Friday, March 2, 2012

In the Thick of It: Korean Films past, future, and right now plus the arrival of Love Will Tear Us Apart!

It’s been a sudden burst of activity here in New York on the Korean Film front, with movies I’ve been able to experience within the past week and much to look forward to in the very near future.

The New York Korean Film Festival is an event that seems to occur semi-annually, often so quickly that if you blink it will pass you by.  This year’s affair was no exception, with 6 films crammed into one weekend at BAM.  I was able to catch 2 action films, HINDSIGHT and QUICK, which I hope to put together some coherent thoughts on in the days to come.  Another film shown at the festival was the murderous suspense tale MOSS, which I wrote about here a few months ago.

The Korean Cultural Service continues its fantastic biweekly series of films, all screened for free, at Tribeca Cinemas.  They have been reeling in particularly large crowds in recent weeks, with this week’s screening of WHITE NIGHT leaving no seat unoccupied and some film fans having to wait for an opportunity to enter mid-movie.  It is an excellent thought provoking murder mystery (of sorts) with an amazing back story rooted in Japanese literature.  DBBORROUGHS has written about here and I also hope to present my take on.  The next series of films to come are of a much lighter variety: romantic comedies CYRANO AGENCY, MY GIRLFRIEND IS A SECRET AGENT, and PETTY ROMANCE.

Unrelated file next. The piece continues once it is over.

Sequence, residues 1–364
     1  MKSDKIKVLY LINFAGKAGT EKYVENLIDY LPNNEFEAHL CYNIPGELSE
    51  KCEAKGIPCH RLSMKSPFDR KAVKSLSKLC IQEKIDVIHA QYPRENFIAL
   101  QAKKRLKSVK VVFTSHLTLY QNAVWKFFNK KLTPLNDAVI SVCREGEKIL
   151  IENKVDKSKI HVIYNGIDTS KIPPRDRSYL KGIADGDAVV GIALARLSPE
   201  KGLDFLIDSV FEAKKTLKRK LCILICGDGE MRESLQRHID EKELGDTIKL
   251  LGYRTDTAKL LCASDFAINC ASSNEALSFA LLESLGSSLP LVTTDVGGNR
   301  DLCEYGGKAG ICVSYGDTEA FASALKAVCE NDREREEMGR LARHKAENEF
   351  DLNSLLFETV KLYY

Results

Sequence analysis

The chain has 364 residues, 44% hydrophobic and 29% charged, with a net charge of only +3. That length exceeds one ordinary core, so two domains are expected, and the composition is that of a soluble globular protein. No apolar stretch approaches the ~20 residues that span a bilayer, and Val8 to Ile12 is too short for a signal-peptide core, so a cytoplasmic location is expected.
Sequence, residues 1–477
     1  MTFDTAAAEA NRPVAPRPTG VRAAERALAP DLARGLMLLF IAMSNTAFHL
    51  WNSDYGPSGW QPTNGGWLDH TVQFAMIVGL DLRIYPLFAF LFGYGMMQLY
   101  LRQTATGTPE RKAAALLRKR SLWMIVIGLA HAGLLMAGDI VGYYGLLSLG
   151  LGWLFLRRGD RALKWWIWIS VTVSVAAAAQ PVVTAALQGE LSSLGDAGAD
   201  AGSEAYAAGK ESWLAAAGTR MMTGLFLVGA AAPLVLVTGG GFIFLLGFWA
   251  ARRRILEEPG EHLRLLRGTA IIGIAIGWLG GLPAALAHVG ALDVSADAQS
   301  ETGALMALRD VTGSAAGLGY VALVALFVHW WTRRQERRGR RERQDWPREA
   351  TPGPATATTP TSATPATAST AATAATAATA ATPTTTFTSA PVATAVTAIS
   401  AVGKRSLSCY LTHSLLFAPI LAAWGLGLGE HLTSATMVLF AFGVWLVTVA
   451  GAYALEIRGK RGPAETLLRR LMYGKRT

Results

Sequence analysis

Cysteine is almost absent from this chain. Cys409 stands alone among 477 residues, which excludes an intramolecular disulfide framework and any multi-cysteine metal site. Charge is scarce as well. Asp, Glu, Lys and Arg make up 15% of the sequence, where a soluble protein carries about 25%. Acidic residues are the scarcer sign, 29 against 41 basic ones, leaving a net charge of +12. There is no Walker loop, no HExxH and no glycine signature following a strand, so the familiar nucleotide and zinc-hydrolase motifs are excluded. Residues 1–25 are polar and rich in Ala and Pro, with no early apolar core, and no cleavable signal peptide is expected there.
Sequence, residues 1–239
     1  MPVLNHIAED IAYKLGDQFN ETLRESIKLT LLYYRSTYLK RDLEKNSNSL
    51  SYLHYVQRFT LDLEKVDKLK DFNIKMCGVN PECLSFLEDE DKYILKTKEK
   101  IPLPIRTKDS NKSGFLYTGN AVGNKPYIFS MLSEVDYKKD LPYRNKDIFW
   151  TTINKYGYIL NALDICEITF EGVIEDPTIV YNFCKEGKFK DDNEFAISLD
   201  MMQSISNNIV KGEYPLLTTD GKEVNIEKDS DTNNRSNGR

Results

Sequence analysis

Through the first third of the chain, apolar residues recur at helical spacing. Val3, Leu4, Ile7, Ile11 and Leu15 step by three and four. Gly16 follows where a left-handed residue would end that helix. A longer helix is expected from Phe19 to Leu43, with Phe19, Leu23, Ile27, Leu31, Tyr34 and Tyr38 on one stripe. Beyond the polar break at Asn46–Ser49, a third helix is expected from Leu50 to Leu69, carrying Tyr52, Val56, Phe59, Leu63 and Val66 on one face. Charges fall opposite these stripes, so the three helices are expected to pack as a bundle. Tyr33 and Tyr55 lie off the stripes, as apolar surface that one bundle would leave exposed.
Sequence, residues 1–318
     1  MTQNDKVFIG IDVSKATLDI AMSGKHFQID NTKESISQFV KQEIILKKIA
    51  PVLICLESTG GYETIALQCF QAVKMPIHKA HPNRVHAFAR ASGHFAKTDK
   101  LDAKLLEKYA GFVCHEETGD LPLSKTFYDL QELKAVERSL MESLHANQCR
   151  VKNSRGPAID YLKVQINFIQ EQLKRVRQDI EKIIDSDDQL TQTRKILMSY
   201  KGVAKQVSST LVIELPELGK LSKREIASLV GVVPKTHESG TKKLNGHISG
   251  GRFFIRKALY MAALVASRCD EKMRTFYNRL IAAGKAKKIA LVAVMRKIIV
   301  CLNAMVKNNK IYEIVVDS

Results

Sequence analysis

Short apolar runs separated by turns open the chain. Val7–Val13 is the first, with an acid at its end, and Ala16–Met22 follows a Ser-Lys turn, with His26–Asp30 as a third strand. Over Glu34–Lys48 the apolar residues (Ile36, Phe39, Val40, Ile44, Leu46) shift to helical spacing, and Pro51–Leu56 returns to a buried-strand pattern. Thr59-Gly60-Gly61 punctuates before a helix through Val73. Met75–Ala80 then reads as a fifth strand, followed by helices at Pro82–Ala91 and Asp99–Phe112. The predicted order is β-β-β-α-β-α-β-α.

The big guns are about to come out as Friday, March 2nd marks the beginning of the Love Will Tear Us Apart series at Japan Society.  It is an extremely ambitious assemblage of films from Japan, as well as Korea, perhaps a sign of some strong ties between the two nations’ film scene (as with the aforementioned White Night).  It is a welcome barrage after a relatively low key year of Asian cinema.  I say that with last year in mind, which was extraordinarily jam packed with Asian movie opportunities.  By this time in 2011, there had been retrospectives for Sabu, Miike, and Kim Ji-woon in different New York City venues.

Besides the pleasant mix of films from Japan and Korea, this fest also stands out for sticking consistently to a theme: as its title suggest, twisted love.  Be it failed, abnormal, or self-annihilating.  It’s also pretty cool how some great master directors (Shinya Tsukamoto, Kim Ki-Duk) have been tapped for a few different films, so within this one festival you have the opportunity to experience a few short retrospectives.

This is definitely an event to read up on and carefully because there are interesting happenings all over it.  For instance, several of the films will be introduced by a someone from a Chinese university film studies  department (so be sure to swap out the contacts for some scholarly spectacles on those days).  Opening night film KOTOKO (3/2) will be preceded by a short film ROMANCE (whose school girl gone deadly femme fatale graces the program’s website).  SNAKES AND EARRINGS (3/16) will follow a Korean short film, HAIR (from the director of SAVE THE GREEN PLANET) so if you already saw Snakes and Earrings at the New York Asian Film Festival a few years ago, you still have something potentially new to look forward to there.  

Here are a few picks among the films that I’ve seen and admired (in some cases ‘enjoyed’ would not be quite appropriate).